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Warming climate is helping bark beetles spread in the West

Like most insects, bark beetles cannot metabolically regulate their own body temperatures. When temperatures drop too low, they die from cold; when temperatures get warmer, they grow more quickly. According to the Canadian Forest Service (CFS), for example, winter low temperature at or below minus 40°F will reduce their spread (the CFS has a comprehensive publication on the biology of the mountain pine beetle in particular).

Overall, the climate in the western US has been getting warmer. This helps bark beetles spread in several ways.1 First, warm temperatures can increase population size: fewer beetles die in the winter, and beetles mature and reproduce faster in summer. Second, beetles fly farther during warm weather, so they can invade new territory more easily. Third, warm temperatures can  increase summer drought stress, and trees that are stressed are more prone to infestation than healthy trees. Recent research in Washington State elaborates this third point.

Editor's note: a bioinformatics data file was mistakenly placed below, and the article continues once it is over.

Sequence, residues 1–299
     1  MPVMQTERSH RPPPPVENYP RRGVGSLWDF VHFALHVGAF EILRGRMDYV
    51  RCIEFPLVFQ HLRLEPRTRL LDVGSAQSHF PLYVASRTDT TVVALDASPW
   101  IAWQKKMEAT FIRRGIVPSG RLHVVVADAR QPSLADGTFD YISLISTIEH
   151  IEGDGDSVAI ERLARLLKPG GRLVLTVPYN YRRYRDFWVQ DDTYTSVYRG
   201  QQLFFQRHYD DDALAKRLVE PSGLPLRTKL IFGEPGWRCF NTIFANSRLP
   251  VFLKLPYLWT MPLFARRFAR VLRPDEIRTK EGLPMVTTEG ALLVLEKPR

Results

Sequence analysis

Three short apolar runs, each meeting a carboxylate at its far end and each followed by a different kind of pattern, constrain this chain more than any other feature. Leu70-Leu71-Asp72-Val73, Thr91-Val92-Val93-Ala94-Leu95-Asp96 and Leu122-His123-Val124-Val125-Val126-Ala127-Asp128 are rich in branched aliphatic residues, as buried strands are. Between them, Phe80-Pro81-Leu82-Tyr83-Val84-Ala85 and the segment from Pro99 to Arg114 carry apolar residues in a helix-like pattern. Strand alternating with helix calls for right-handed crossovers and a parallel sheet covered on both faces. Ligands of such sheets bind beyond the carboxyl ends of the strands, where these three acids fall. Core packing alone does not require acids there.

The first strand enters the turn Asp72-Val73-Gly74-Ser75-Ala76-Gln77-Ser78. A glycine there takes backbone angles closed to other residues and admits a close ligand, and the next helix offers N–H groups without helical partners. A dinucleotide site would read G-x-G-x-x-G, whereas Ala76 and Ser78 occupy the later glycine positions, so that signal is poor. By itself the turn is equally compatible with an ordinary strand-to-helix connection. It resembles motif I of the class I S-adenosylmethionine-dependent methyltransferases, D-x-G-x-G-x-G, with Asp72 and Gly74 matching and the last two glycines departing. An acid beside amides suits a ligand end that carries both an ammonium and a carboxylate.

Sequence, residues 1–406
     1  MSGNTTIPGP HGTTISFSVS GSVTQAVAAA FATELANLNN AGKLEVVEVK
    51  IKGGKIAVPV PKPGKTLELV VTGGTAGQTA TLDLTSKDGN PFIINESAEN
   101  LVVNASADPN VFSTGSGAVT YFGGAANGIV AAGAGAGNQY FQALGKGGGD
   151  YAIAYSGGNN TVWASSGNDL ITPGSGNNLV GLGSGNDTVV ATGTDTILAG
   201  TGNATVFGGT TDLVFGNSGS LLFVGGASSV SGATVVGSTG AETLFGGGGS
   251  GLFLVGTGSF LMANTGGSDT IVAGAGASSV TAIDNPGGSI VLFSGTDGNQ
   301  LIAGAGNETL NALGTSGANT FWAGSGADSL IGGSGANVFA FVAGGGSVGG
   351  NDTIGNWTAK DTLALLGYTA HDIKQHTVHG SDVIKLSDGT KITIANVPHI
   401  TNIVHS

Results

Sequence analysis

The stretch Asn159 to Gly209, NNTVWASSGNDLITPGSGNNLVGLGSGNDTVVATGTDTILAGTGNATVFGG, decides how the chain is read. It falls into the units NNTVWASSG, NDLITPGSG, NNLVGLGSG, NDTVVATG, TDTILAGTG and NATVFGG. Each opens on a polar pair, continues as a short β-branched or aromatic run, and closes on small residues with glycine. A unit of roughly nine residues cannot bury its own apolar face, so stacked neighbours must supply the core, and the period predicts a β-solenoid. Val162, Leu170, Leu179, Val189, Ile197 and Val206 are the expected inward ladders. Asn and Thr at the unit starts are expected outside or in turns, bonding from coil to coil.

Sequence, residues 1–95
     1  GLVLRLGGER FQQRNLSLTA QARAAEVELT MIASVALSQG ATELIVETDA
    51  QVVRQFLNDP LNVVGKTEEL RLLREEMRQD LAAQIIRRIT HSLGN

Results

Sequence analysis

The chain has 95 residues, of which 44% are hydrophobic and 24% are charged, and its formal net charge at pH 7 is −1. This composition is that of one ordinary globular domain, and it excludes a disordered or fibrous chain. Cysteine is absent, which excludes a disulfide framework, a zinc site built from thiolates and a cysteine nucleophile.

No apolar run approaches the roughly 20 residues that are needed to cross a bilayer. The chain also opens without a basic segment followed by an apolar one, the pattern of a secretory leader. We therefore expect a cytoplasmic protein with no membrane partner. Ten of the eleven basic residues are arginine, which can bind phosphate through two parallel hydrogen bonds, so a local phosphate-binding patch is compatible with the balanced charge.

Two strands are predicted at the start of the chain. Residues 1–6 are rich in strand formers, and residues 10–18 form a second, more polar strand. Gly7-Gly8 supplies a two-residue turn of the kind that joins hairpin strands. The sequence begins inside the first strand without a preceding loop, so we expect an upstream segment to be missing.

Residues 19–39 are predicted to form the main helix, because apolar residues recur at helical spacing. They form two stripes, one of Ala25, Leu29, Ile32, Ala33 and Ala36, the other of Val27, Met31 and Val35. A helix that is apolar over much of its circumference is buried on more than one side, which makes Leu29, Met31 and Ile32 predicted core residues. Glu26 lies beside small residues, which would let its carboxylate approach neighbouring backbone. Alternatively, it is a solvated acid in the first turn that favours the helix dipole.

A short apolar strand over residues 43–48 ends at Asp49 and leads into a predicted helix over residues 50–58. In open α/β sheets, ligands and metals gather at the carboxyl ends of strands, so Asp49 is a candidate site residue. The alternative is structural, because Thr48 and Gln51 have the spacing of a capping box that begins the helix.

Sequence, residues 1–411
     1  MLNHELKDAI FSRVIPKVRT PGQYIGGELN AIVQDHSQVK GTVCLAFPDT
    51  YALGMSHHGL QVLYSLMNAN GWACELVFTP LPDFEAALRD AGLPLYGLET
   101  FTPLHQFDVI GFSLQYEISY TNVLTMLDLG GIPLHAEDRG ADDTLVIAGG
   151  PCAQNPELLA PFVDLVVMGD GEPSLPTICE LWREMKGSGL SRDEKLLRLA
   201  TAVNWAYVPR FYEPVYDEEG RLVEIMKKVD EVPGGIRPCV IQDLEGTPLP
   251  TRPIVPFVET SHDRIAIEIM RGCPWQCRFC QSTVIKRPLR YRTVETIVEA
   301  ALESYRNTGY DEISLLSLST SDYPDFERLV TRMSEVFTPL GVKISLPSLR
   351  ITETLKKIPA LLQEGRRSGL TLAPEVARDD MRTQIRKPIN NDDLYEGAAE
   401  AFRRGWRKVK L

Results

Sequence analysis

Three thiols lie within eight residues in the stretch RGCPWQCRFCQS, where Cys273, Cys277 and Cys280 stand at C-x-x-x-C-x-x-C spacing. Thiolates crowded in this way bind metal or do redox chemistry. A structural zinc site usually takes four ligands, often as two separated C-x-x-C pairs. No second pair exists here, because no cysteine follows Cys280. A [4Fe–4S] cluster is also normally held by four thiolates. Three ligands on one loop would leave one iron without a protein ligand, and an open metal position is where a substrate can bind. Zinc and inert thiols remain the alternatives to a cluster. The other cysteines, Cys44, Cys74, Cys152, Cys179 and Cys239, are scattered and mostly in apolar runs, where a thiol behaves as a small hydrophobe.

For more information see this beetle information page by the US Forest Service.

References
  1. Raffa, K.F., B.H. Aukema, B,J.Bentz, A.L. Carroll, J.A. Hicke, M.G. Turner, and W.H. Romme, W.H. “Cross-scale drivers of natural disturbances prone to anthropogenic amplification: dynamics of biome-wide bark beetle eruptions.” (PDF) BioScience 58, no. 6 (2008): 501 - 517.

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